German Politics During the Cold War: A Four Part Course with Dr. Finn Ballard
During this four-part course, we'll explore Germany's recent history as a divided nation, and will focus particularly on Berlin. Our learning objectives will be structured around these main points of discussion:
We’ll discuss how the alliance between the Allied forces of World War Two disintegrated immediately after VE Day, and see how the Berlin Blockade and subsequent Berlin Airlift precipitated the division of the capital city and country.
We’ll learn about the uprising of June 1953, and how those critical of the ‘German Democratic Republic’ were suppressed.
We’ll see how the Berlin Wall came to rise in 1961 and fall in 1989. And we’ll learn how close the world came to the brink of a much worse catastrophe - more than once!
Led by an expert on twentieth-century German history, Dr. Finn Ballard, this course will answer all the questions you’ve ever wanted to ask about the ‘hermit kingdom’ of East Germany. Designed to inform curiosity as well as future travels, participants will come away with an increased understanding of the nuances of this oh-so-recent German history.
Lecture One – The Big Chill: In this session, we'll explore the history of demilitarisation, division, and 'denazification.' We'll discover how the stage for the division of Germany was set during World War Two, and consider how different world history may have developed in the immediate post-war years had other hypotheses - like the short-lived 'Morgenthau Plan' by which Germany would have been reduced to an agrarian backwater - come to fruition. We'll see how tensions between the wartime Allies turned to outright hostility almost before the ink was dry on the Germans' pledge of unconditional surrender on VE Day.
Lecture Two – Candy Bombers, Demonstrations, and a New Dictatorship: In our second session, we'll explore Stalin's last-ditch effort to annex West Berlin: the Berlin Blockade. We'll learn about the incredible Western Allied response - the Berlin Airlift - and how this gesture of solidarity, generosity, and indeed self-sacrifice (by Germany's former enemies) precipitated a vast migration westwards. We'll examine the creation of 'Stalinallee,' East Germany's new showcase boulevard, and what lay beneath this sheen: state-orchestrated violence and draconian levels of control.
Lecture Three – The Berlin Wall and the Stasi: In this class, we'll explore how the Berlin Wall came to be, and the international response to it - not to mention the Berliners' response. We'll also focus on the State Security Service or Stasi, one of the most sinister secret police forces the world has ever known, and see how these two enormous obstacles to freedom impacted everyday life in the East - and West.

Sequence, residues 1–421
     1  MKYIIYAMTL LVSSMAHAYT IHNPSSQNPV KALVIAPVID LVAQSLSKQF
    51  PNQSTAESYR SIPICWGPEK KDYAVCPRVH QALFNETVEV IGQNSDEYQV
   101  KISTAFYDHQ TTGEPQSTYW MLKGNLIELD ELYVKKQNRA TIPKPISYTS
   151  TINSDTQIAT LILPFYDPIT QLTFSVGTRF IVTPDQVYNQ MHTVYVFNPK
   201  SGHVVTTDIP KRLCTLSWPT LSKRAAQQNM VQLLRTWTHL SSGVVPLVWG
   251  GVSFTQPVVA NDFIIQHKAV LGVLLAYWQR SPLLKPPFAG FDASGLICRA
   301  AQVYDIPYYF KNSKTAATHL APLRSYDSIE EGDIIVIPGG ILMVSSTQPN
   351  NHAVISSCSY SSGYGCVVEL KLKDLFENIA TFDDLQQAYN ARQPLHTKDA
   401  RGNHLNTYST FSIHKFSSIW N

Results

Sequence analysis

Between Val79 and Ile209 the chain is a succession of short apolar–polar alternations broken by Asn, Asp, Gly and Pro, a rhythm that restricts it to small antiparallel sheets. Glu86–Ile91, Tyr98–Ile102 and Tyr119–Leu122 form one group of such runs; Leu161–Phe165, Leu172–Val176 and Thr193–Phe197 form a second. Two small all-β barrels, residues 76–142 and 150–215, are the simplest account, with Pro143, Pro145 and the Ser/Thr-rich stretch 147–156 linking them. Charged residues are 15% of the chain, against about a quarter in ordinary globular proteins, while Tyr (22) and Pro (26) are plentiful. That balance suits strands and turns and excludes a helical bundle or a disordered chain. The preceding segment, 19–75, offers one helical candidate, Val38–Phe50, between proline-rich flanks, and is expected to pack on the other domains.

Lecture Four – The Great Collapse: In our final session, we'll discuss the history of how the Berlin Wall really collapsed, and how the Soviet Union dissolved itself immediately thereafter. We'll learn of how the scars of the Cold War manifest themselves in Berlin and Germany today, discuss the phenomenon of 'Ostalgie,' 'nostalgia for the East,' and ponder the question: has Germany ever really reunited?
Finn grew up in Northern Ireland before moving to England to study and later teach in the department of Film and Literature at the University of Warwick. He completed his doctoral study on German folklore and popular cinema in 2012, and has published extensively in the fields of Film Studies and Gender Studies. Since 2008, he has been living and guiding in Berlin. He now works as a historical advisor for television and film productions set in Berlin, particularly during the Weimar era or Third Reich. He is a journalist for the 'Siegessauele', Europe's foremost Queer magazine, and organises events at Berlin's English-language bookstore 'Another Country'.
How does it work?
This is a four-part series held weekly and hosted on Zoom. Please check the schedule for the specific dates and times for each lecture.
Is there a reading list in advance?
Though the course is open to participants with no background on this topic, there will be suggested readings for further investigation. These will be provided at the course's conclusion.
How long are the lectures?
Each lecture is 90 minutes long with time for Q&A.
How much is the course?
The course is $140 USD for three lectures.
Is a recording available?
Yes. If you need to miss a lecture, you will be sent a recording via email after the event.
Not suitable for children under age 13 (sensitive content).